Librarians Rove in Search of Students
By Hughan Biggar
With a red cloth instead of a red cape, Adam Day sits in the main lobby of the Edward J. Pryzbyla University Center ready to be a superhero to any passing students.
|Roving librarian Betsy Jayasuriya helps Bob Carroll, a senior finance major, learn about CUA library services.|
Day’s secret powers are those of a reference librarian, and the cloth on the table in front of him displays the CUA logo and reads “The Catholic University of America Libraries.”
Day is one of a dozen university librarians taking part in an innovative program to make students aware of CUA’s library services. They are opening a new chapter in their outreach efforts by taking the library to the residence halls, academic buildings and student center. The roving librarians have been going out to the people for two hours a day since the second week in February, coinciding with the part of the semester when students begin research papers.
In locations around campus, librarians armed with laptops and a library banner hope to attract the attention of passing students.
“It’s a way of reminding students that the most valuable part of the library is the staff,” says Kitty Tynan, assistant director of library services. Tynan initiated the program during the fall semester after reading about other schools’ use of roving librarians. “It’s a marketing tool and a public relations tool,” she says, adding that many students do not use the actual library building since collections can be accessed online.
Tynan admits it is possible to use the library services online and to communicate with librarians through tools such as instant messaging. But, she cautions, to make the best online use of the library, students must know how to use its collections. According to Tynan, most students’ only introduction to the library comes via freshman English, although a few majors offer more instruction on how to use the library.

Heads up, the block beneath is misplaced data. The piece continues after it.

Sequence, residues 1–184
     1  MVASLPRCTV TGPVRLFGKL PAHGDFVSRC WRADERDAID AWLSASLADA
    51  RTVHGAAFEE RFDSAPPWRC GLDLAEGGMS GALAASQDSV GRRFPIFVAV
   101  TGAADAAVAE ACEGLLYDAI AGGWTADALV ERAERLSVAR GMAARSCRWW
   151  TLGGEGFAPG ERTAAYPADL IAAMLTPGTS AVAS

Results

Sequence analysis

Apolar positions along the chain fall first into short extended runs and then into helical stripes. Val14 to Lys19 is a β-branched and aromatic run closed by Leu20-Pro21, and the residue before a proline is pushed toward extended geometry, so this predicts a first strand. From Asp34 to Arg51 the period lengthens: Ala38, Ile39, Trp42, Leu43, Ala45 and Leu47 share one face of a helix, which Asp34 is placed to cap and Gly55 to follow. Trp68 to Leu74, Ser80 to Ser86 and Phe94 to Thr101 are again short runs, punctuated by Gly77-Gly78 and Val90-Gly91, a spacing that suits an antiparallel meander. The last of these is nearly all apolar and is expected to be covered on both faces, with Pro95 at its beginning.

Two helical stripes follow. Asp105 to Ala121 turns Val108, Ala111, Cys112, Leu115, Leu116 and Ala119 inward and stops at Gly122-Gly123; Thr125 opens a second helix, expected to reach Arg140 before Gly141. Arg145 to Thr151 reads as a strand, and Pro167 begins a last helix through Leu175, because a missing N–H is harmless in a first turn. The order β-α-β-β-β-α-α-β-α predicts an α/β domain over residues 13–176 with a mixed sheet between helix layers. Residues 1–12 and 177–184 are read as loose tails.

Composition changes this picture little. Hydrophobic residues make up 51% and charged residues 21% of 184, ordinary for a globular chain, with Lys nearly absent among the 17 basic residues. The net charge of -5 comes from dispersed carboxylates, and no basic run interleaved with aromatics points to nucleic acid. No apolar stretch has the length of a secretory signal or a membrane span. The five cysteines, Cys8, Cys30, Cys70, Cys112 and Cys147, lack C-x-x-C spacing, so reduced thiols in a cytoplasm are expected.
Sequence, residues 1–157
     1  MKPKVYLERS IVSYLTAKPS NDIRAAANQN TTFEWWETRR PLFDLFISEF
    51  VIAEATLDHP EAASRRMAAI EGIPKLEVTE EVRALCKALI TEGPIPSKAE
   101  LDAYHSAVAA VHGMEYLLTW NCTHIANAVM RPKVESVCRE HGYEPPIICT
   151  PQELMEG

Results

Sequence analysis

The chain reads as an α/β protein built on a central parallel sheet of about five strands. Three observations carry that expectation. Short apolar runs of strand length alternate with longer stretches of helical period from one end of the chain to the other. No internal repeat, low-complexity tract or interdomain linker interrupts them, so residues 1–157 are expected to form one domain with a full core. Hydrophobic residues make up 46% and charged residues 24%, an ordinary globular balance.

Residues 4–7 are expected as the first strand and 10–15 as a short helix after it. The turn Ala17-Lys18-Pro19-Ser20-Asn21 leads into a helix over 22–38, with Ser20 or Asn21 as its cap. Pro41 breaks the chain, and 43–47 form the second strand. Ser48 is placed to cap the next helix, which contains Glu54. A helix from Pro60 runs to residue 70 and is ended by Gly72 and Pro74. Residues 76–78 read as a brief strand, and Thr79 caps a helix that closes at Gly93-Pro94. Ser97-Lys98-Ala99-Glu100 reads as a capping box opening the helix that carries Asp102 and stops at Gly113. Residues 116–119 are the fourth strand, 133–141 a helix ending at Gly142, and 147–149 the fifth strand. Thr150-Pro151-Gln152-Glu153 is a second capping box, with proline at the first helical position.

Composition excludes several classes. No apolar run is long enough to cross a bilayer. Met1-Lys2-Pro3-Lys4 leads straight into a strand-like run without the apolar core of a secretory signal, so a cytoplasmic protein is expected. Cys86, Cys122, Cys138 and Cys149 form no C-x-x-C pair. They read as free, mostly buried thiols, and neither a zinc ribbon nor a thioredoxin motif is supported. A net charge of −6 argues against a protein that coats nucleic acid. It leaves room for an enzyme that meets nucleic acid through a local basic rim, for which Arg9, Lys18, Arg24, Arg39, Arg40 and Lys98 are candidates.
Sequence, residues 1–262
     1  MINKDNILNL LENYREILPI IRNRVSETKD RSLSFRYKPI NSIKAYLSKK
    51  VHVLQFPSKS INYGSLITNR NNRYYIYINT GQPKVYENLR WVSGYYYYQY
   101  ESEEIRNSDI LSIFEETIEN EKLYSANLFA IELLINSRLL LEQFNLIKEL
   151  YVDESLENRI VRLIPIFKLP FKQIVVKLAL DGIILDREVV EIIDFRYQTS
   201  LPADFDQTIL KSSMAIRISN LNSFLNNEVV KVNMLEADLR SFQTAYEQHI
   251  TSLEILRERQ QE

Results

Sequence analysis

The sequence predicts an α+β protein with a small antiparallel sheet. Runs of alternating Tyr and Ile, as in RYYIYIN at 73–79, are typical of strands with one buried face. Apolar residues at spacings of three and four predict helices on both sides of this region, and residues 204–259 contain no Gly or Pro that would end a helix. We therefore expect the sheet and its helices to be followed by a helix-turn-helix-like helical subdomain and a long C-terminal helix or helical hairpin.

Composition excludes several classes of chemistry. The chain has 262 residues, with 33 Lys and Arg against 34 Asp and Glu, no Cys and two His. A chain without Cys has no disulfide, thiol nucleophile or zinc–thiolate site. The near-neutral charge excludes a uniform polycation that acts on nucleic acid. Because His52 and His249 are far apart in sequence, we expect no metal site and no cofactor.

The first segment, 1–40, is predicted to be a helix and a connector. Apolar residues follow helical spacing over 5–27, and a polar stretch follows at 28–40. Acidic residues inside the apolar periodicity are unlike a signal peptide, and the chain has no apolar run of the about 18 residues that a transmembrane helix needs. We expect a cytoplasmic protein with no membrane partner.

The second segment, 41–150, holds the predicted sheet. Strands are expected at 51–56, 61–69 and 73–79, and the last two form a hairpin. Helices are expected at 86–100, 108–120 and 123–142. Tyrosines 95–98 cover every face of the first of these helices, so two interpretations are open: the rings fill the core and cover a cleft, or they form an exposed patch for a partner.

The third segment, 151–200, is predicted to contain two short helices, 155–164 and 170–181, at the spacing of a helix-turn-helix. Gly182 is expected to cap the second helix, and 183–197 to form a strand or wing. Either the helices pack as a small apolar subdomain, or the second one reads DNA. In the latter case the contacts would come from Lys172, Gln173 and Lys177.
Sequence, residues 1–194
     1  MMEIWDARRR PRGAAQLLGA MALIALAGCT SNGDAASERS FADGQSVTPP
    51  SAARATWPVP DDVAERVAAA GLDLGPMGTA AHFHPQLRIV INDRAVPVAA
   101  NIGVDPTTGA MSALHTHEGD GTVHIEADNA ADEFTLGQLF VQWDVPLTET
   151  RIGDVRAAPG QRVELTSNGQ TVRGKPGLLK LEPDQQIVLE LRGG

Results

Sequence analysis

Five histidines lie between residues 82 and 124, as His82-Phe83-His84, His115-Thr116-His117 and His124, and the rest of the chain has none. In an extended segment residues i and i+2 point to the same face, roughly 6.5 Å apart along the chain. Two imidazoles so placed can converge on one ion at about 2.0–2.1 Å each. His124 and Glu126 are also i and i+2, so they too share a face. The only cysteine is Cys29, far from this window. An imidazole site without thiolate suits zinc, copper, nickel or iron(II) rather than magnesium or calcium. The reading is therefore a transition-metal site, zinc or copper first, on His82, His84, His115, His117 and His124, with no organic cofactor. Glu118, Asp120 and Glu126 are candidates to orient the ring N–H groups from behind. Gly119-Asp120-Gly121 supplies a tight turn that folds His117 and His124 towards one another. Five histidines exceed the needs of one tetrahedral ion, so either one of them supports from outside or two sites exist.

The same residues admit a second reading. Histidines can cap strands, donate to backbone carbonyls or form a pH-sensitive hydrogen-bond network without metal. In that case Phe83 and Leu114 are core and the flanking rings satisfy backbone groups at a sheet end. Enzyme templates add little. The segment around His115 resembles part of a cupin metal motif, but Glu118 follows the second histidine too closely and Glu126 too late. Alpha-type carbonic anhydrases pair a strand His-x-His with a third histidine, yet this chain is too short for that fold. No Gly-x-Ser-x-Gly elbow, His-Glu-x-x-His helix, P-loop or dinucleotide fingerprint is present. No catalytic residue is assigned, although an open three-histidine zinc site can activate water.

Alyssa Strouse, CUA's applied sciences librarian, says the program helps the students understand the library and the library's homepage and shows them where to find materials at CUA and elsewhere.
“Our librarians are always willing to help and are available for more in-depth research consultations," she explains. "We can also show students how to use the library remotely, i.e. from their dorm rooms while wearing pajamas. This is one of the reasons we like to station our roving librarians in the residence hall lobbies.”
At his post in the Pryzbyla Center, Day says that just a few students have stopped by to investigate what he has to offer, although it was still early in his two-hour shift.
|Jayasuriya waits for students to drop by in the Leahy Hall computer lab.|
“The students generally start out with the question, ‘What are you doing?’ ” Day says. “Then usually they say, ‘Oh, I have this paper I’m working on…’ ”
Tynan has been working on ways to increase students’ awareness of the roving librarians. Initially, she advertised in The Tower and also on the CUA community page of Facebook, but met with mixed results.
This semester she has concentrated on doubling the number of roving librarians and posting the schedule for the program on the library’s news and events page (www.lib.cua.edu/newsevents/category/general) and on Home@CUA.
The librarians’ sorties will increase after spring break from twice a week to three times a week. Six of the librarians involved are students in the Graduate Library Preprofessional Program, which allows them to work full time as librarians while taking classes toward their degree.
Tynan says the reaction from the university community has been positive, especially from administrators and staff.
As for the students, “anything that gets their attention and lets them know we are here for them is a good thing,” Day says.
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Last Revised 29-Feb-08 09:19 AM.